Profile: Dutch flower planter grows business with China's development

Updated: April 1, 2022 Source: Xinhua News Agency
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An employee works at a workshop of the Kunming Hasfarm Flowers company, in Kunming, southwest China's Yunnan Province, March 25, 2022.(Xinhua/Cao Mengyao)

by Xinhua writers Zheng Bofei, Cao Mengyao, Zhao Cailin

KUNMING, March 31 (Xinhua) -- When Tim Scalongne's plane touched down at the airport of southwest China's Yunnan Province in 2004, the Dutchman never thought this would be the start of his decades-long experience with floriculture.

Situated at a high altitude and low latitude, the province boasts long sunlight hours and good weather. It provides a pleasant environment for international business people, such as ones from the Netherlands -- the world's biggest fresh-cut flower producer -- to set up their flower farms.

Scalongne's first experience in Yunnan was nothing but traveling, and the investment in Yunnan's flower businesses was a trending topic for the Dutch residents.

At the start of the new millennium, the province took advantage of its location and environment and set up industrial flower parks and floral exchanges in Kunming. As a potential flower market, flower business people and botanists from countries, including the Netherlands, came to Yunnan for new opportunities.

"In my Dutch network, everybody was talking about investing in Kunming's flower business. That's when I decided to jump on the board," said Scalongne.

After receiving language training in Kunming, the provincial capital, Scalongne followed suit and joined one of the Dutch fresh-cut flower providers in Kunming to start his over-decade journey in this industry.

However, Scalongne realized that not many Chinese households were warm to buying high-end blooms produced by Dutch investors.

Export took the largest market share of Scalongne's company, whose flowers were for customers with high-quality demand in countries like Japan and Australia.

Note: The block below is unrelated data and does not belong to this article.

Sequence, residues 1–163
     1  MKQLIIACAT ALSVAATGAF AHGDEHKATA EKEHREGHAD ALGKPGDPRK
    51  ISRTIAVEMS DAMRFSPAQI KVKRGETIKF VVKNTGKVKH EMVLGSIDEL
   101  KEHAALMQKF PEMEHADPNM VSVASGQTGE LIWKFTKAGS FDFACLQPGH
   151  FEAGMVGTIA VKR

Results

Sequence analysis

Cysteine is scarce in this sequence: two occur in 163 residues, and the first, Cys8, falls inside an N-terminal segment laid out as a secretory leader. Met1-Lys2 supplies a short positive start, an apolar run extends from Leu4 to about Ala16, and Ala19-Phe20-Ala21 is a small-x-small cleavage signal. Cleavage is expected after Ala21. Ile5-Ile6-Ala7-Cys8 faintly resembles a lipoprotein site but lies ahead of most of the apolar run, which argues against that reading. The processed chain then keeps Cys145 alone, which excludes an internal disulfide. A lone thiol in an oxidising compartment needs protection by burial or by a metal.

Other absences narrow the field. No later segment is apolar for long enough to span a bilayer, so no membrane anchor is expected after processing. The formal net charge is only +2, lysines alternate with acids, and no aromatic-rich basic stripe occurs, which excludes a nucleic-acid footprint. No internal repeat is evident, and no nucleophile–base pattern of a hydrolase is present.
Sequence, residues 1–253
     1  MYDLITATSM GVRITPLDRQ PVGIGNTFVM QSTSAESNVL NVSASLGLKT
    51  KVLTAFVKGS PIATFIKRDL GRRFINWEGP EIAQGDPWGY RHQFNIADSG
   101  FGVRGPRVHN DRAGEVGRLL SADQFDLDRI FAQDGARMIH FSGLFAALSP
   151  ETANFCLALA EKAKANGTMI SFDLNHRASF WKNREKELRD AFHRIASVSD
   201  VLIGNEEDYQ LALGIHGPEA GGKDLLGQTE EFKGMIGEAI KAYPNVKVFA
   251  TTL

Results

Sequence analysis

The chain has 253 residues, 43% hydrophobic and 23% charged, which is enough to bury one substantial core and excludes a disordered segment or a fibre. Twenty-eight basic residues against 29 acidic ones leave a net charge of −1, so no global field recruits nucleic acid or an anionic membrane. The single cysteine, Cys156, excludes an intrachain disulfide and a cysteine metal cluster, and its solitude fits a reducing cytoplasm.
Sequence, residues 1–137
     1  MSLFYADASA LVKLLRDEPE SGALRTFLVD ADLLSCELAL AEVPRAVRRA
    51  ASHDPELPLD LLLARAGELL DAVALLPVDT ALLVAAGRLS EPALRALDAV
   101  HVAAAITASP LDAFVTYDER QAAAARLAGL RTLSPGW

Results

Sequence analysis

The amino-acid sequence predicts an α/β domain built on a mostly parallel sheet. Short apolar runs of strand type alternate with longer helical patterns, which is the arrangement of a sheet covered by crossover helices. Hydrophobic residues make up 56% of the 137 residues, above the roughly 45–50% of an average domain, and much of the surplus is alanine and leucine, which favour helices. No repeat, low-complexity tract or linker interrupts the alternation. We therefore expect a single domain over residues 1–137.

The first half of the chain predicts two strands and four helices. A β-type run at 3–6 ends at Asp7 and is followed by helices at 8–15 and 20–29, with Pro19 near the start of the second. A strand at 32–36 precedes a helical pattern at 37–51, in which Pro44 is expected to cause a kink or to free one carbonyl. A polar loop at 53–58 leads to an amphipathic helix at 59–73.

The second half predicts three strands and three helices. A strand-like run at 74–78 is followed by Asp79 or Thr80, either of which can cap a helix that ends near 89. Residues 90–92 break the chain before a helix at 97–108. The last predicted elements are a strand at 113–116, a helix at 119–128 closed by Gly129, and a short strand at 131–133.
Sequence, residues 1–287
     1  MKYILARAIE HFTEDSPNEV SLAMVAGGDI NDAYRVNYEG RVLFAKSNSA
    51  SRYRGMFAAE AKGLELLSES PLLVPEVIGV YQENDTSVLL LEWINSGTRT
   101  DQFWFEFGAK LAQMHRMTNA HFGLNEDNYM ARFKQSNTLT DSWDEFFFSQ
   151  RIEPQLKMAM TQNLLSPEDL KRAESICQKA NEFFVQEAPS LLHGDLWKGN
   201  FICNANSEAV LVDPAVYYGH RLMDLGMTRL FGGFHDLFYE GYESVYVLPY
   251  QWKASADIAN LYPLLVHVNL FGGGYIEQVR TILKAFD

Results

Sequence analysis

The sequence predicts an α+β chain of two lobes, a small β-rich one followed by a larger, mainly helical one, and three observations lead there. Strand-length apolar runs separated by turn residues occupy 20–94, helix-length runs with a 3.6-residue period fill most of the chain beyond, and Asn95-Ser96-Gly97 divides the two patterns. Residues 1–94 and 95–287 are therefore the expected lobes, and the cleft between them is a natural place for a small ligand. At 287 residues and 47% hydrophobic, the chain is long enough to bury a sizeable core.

"A limited number of people at that time would buy quality flowers, and some of them bought flowers only for events and hotels," Scalongne said. "The market volume was small, but many Dutch believed China would have more high-end flower consumption once the country's middle class expanded."

The Chinese market did not fail the expectation of the Dutch managing director. After Scalongne got a new role as the managing director of another Dutch flower company, the Kunming Hasfarm, the Chinese market began to favor flowers with longer flowering times and more vibrant colors.

"It takes time for flower buyers to demand flower quality," said Wu Mingying, a long-time flower market regulator with the agricultural and rural affairs department of Yunnan.

"Gradually, you would see the increase in buying high-end products, which is also a microcosm of the whole Chinese market," Wu added.

According to the department, the flower planting area in Yunnan exceeded 1.9 million mu (about 126,667 hectares) in 2020. It was up 8.3 percent year on year, with the total output value from flower planting hitting 39 billion yuan (about 6.1 billion U.S. dollars).

In 2012, Scalongne's company had around 95 percent of its production exported to markets outside of China. But in 2022, over 70 percent is for Chinese customers.

"When you see households in China's coastal regions, especially people in their 20s or 30s, they are very interested in putting high-quality flowers in their homes to enrich their lives," Scalongne said.

The wait paid off in the end, and China's effort to combat poverty also yielded new opportunities for Scalongne's business.

"We would hire workers living in poor households with the government's encouragement," said Scalongne. "Reciprocally, those workers can also help us alleviate labor shortage."

To thank Scalongne's company, the local government awarded the company's farm in Yunnan's Qujing City the "model farm" for helping lift nearby villagers out of poverty.

Similar to other companies, Scalongne also faces challenges from increased labor costs, and one of the solutions is technology upgrading.

"In the future, China would see fewer plantations of low value-added flowers such as carnation like what we have seen in many countries," he commented. "But at the same time, we would see more flower breeders in China creating new varieties of flowers with higher yield and better quality."

This year marks the 50th anniversary of diplomatic relations between China and the Netherlands. The Netherlands has now become the second-largest trading partner of China in the European Union.

An official with the Dutch Foreign Ministry said that China's investment in research, talent, and knowledge infrastructure would offer Dutch companies and institutions many opportunities.

Sharing the same opinion, Scalongne believes that in this time of transition, the Chinese market would once again provide international businesses more opportunities.

Tim Scalongne is interviewed at the greenhouse of the Kunming Hasfarm Flowers company in Kunming, southwest China's Yunnan Province, March 25, 2022.(Xinhua/Zhao Cailin)

Editor: Gao Jingyan